IFAP: Australia Not Compromising Safety Standards and Training
Safety training activity may have dipped in the past 18 months but that has not affected the strong commitment Australian oil and gas companies have shown in the area, Mark Small, chief operating officer at safety organisation, Industrial Foundation for Accident Prevention (IFAP), told Rigzone.
As the market environment in Australia evolves, impacted by lower oil prices and the changing phase of the liquefied natural gas (LNG) sector, IFAP continues to provide a range of safety programs required by oil and gas workers for offshore activities.
IFAP, which has access to a protected harbor, open ocean areas, and an offshore and maritime training centre (OMTC), also provides training in sea survival.
Small said the completion of many LNG construction projects and fall in exploration activity had meant the number of people taking training courses had dropped significantly.
“We have obviously gone through a period of unprecedented construction activity, and we were in great demand from our clients to provide training,” Small explained.
“We are now at the opposite end of that where some of the construction projects are at different phases, but also with the drop in oil price and exploration activity, that means the demand for this type of training has also declined.
“However, what is evident is that oil and gas companies are not compromising on this type of training. If the people are required to have the training to be offshore then they are getting the training. The standards have absolutely been maintained. There is just less requirement at the moment.”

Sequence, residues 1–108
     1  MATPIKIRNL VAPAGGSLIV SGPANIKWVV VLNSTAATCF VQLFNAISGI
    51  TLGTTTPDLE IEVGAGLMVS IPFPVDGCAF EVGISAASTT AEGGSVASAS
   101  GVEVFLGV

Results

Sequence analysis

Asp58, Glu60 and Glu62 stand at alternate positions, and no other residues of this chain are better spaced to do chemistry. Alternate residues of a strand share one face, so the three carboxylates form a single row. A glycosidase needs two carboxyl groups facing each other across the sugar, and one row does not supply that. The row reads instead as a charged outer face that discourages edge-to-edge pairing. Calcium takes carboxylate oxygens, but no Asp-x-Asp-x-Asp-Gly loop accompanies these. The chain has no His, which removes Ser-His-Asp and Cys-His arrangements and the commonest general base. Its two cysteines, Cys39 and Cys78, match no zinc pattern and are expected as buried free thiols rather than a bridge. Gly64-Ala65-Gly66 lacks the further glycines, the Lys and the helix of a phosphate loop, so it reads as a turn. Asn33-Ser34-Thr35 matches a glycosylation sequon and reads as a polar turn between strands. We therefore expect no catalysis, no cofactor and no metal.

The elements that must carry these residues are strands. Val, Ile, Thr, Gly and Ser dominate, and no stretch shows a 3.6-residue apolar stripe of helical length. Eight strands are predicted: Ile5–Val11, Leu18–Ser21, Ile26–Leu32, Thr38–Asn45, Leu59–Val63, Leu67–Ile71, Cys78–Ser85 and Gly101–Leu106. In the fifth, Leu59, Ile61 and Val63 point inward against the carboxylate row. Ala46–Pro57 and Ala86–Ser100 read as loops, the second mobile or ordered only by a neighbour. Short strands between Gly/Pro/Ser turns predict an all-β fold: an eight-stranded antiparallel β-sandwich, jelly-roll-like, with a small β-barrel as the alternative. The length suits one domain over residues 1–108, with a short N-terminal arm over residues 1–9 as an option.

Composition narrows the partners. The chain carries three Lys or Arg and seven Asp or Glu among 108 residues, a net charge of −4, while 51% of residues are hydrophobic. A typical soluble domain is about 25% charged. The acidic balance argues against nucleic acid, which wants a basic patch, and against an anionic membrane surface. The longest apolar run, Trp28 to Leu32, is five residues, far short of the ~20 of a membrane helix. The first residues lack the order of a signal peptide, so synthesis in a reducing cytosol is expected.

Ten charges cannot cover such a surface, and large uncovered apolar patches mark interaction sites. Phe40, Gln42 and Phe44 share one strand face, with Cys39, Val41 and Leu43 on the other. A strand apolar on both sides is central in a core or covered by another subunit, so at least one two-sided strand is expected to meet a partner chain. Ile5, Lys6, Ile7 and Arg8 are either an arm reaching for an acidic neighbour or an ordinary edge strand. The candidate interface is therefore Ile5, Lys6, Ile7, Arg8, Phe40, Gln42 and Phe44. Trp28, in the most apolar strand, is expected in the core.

Small said the strong commitment to training was a reflection of how attitudes toward safety had matured over the past couple of decades.
“We now have (safety) leaders in the major oil and gas companies and they are absolutely leading from the front – there is no compromise from what we can see in safety standards,” Small said.
However, he added that oil and gas companies were implementing different strategies for their safety training needs when engaging IFAP for its programs.
“What I have noticed is they have been conscious of who is getting the training. Previously in many jobs you would automatically receive training on a job matrix, although the employee may not even fly offshore that whole year or the next year – it was just part of the requirement for that job role,” Small explained.
“Now companies are noticing that and they are holding off on the training unless the employee does actually have to go offshore. Employees are not being trained ‘just in case’ – they are being trained because they have to have it.
“Companies are now being careful not to waste any of their training budgets and using it as efficiently as possible.”
Austin Blackburne, regional director for human resources agency Hays, told Rigzone that occupational health and safety (OHS) is one of the few areas in the oil and gas industry where there is still recruitment activity.
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